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Steve Wright

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About Steve Wright

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    Letchworth, Hertfordshire
  1. Stayed out until around 4:00am collecting images of the comet and upon reviewing the images the next day I noticed the movement of the comet against the background stars and decided to have a go at making an animation, file too large to upload here but have uploaded here http://youtu.be/9suP29naCfQ, Quite pleased with the result for my first attempt. Made from 15 x 30 sec stills as they were the only ones that were in best focus and in sequence as it took me ages fiddling to achieve what I thought was best focus, Skywatcher Explorer 200P on Super Polaris unguided mount, Nikon D3100 DSLR at pri
  2. Fantastic best I've ever seen congratulations
  3. I managed to capture at least one Persied on Monday night, after looking at the resulting image I wondered if the colours in the flare trial are indicative of the composition of the Comet material, anyone have any knowledge on the subject i.e. what causes greens and reds to be seen.
  4. 69 x 30 sec subs, ISO800, forgot to take darks before I packed in for the night but quite pleased with the result anyway, stacked in DSS and processed in PS
  5. 15 x 30 sec frames ISO800 with 15 darks using 8" Skywatcher reflector, super polaris mount, Nikon D3100, stacked in DSS and tweaked levels and curves in PS.
  6. I have an old Vixen GP Polaris mount which I am guessing is about 30+ years old, what I am wondering is if it would improve its smoothness when tracking for imaging if I apply new lubrication to the gearing from the RA motor drtive, if anyone has any experience I would be most gratefull, otherwise I might leave it alone?
  7. 30 sec subs @ISO800, stacked in DSS and tweaked levels in PS, not bad for unguided on a 30+ year old Vixen Polaris mount
  8. It took me a while to find the dumbell but once I did the mount was tracking well and I fiddled for ages with focus and finally settled down with what I thought was the best focus I could see through the viewfinder of my Nikon D3100 using prime focus.. Stacked 29 x 30 sec lights and 10 darks @ ISO800 in DSS, tweaked with levels and curves in Photoshop and zoomed and cropped to resize the object , I am quite happy with the result but still not sure what is wrong as the stars look out of shape and I am not sure if its the result of poor focus, collimation or bad optics or something else I am not
  9. I have never tried this before but am quite pleased with the result for the effort, I lost concerntration with the timings towards the end as you can see but I like to think it adds to it by showing the stars movements, 73 x 30 sec images stacked through Startrails.de
  10. I Couldn't resist the clear skies tonight and even though it was time to bed I opened up the dome and set the scope on the orion nebula to see what I could achieve, took several different length exposures but finally settled on 30 sec subs and managed about 20 before I decided to close up and view the results, I'm quite pleased with the result so far, Deep Sky Stacker is taking to long to stack the 20 images but thought I would share a single image before heading up the wooden hill. You might be able to make out two of what I think were satellites at the bottom of the shot, as they passed acro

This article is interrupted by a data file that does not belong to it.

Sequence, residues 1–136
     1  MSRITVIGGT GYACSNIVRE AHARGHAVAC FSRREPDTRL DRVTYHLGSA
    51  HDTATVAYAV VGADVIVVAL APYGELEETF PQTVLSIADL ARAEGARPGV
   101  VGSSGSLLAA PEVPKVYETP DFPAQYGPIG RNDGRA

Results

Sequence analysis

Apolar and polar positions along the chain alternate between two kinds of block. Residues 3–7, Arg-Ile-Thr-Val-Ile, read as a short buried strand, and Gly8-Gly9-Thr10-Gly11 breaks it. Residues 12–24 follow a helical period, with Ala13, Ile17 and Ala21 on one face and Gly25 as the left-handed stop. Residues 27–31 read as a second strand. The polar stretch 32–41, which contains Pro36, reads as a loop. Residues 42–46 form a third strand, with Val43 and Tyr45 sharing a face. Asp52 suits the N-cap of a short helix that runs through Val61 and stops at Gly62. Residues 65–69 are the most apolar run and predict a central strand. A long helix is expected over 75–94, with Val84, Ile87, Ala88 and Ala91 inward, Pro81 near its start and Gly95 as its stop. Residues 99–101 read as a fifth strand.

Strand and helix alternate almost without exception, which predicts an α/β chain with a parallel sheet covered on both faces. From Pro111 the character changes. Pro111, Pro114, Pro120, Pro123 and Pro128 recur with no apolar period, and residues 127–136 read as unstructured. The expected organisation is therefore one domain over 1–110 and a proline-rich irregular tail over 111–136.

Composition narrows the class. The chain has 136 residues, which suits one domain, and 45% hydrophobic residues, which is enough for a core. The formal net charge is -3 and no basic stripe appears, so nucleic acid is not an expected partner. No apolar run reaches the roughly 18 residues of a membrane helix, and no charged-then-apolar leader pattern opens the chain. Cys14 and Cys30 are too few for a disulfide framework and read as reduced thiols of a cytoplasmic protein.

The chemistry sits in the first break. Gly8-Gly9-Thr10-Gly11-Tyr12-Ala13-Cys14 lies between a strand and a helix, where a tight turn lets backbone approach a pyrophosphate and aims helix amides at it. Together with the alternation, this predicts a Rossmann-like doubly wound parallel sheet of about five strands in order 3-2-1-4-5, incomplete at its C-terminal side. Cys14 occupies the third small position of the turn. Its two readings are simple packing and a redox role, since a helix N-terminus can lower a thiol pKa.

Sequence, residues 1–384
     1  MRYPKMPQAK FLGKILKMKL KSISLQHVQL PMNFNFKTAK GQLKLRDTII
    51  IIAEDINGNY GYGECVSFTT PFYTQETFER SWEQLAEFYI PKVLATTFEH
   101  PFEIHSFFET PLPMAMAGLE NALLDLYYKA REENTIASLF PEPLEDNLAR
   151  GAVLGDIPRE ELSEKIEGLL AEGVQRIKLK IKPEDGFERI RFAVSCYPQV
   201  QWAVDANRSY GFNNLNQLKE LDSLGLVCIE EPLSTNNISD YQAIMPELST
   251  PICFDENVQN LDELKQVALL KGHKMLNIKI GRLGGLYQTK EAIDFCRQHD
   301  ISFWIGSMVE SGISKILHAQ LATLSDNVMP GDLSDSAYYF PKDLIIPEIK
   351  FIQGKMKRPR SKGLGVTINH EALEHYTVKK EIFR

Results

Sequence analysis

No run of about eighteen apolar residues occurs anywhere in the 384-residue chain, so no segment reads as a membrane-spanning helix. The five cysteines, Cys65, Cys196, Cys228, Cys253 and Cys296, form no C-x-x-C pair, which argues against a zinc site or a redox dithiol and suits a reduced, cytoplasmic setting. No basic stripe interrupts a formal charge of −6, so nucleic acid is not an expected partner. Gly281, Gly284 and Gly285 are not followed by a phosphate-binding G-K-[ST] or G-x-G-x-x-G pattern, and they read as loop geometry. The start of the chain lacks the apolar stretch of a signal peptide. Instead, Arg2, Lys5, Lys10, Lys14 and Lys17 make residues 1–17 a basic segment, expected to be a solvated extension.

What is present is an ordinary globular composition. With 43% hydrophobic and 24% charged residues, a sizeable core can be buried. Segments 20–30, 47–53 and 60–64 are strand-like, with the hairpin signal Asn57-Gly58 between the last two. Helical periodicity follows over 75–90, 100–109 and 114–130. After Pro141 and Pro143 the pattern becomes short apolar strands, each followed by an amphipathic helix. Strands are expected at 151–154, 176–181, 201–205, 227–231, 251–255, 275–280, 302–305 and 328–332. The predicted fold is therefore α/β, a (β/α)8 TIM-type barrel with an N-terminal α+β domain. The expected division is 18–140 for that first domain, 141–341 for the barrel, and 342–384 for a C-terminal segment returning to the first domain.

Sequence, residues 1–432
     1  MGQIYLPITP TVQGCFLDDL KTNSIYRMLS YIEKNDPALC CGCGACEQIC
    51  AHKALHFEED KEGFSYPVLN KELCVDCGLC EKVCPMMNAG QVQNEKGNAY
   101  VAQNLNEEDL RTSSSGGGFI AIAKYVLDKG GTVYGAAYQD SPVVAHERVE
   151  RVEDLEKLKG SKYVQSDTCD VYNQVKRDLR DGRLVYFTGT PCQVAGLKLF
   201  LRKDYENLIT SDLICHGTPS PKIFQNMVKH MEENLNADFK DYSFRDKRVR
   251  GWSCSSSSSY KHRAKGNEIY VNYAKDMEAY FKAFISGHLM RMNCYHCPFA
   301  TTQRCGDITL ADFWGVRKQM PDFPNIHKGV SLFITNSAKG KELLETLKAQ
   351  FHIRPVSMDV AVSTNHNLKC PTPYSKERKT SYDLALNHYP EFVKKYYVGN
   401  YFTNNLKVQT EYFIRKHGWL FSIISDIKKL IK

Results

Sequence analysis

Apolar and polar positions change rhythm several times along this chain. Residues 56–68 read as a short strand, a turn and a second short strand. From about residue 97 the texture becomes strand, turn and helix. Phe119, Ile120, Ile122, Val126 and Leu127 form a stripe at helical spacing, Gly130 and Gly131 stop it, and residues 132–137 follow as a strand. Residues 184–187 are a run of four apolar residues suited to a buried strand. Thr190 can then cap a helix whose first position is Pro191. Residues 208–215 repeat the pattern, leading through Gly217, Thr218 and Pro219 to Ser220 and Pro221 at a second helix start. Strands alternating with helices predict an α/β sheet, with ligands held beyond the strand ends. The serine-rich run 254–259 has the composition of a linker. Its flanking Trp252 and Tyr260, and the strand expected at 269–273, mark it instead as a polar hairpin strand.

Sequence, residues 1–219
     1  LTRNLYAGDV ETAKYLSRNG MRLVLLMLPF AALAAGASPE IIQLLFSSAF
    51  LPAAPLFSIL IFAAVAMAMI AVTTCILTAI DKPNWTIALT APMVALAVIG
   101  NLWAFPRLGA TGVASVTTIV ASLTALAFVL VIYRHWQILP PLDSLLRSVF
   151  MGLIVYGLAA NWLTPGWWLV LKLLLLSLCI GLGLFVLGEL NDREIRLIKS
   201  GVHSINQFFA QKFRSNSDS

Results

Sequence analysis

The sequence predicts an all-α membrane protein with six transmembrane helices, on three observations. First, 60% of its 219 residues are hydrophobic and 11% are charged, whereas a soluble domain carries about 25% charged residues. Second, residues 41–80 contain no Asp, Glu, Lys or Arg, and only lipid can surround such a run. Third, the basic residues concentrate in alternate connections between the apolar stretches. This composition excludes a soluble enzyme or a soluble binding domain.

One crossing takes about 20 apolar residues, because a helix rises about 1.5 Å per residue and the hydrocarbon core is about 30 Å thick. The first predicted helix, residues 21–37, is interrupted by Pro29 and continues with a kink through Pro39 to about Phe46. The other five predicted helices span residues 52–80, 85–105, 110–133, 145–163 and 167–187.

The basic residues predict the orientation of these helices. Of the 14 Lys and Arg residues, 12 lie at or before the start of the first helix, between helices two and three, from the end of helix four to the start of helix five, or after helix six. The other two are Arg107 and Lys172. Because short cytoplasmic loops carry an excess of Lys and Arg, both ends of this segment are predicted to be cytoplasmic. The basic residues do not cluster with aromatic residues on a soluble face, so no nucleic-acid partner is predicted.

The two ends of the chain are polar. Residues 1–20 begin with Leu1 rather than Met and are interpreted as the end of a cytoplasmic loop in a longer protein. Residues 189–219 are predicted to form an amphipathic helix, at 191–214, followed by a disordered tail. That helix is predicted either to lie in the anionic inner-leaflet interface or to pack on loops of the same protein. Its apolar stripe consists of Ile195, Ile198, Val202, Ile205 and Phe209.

11. Managed to capture the Moon this evening before it got too low from my back garden, shot was taken with my Nikon D3100 at prime focus through a 102mm Maksutov Cassegrain 2 sec sub @ ISO200.
  12. Made a collimation cap and with a little fidlling I think I have it set up much better, first views of Jupiter was good tonight showing four Moons and a little structure, went for the webcam but beaten by the clouds so have packed up now but an encouraging start, thanks for the advise, looking forward to Kelling now.
  13. Hi Merlin66, Thanks for your reply, I have heard of using a 35mm film pot with a hole drilled in it, is this the method? The trouble is I am not sure what size hole or how to tell when everything is concentric, do you have to be able to see the primary mirror clips around the edge and what position is it best to have the focuser in, right in or right out, does that make a difference? Been frustrating me for ages this issue, thought I had it spot on and Jupiter looked like an egg even 'in focus', I am beginning to think there is something wrong with my eyes now that I am approaching my 50th ye
  14. I have an old Astrosystems 10" reflector, I made the mistake of taking out the mirror cell to clean it and ever since I have not been able to get the collimation right. I have a laser collimator which I have made a bench V frame for so that the Collimator itself could be checked and collimated, the trouble I seem to have is that there is sufficiant movement in the focuser tube to alter the return beam of the collimator and I am unable to decide when collimation is spot on. Any suggestions would be greatly appreicated as I am not able to use the scope at the moment and am restricted to my porta
  15. Well done thats more than I got, I saw a window in the clouds and just as I finished setting up and polar aligning, went in to get the camera and the clouds rolled in and nows it pouring down with rain....typical, wondering now, do I wait up a bit longer or give up and go to bed. crazy weather
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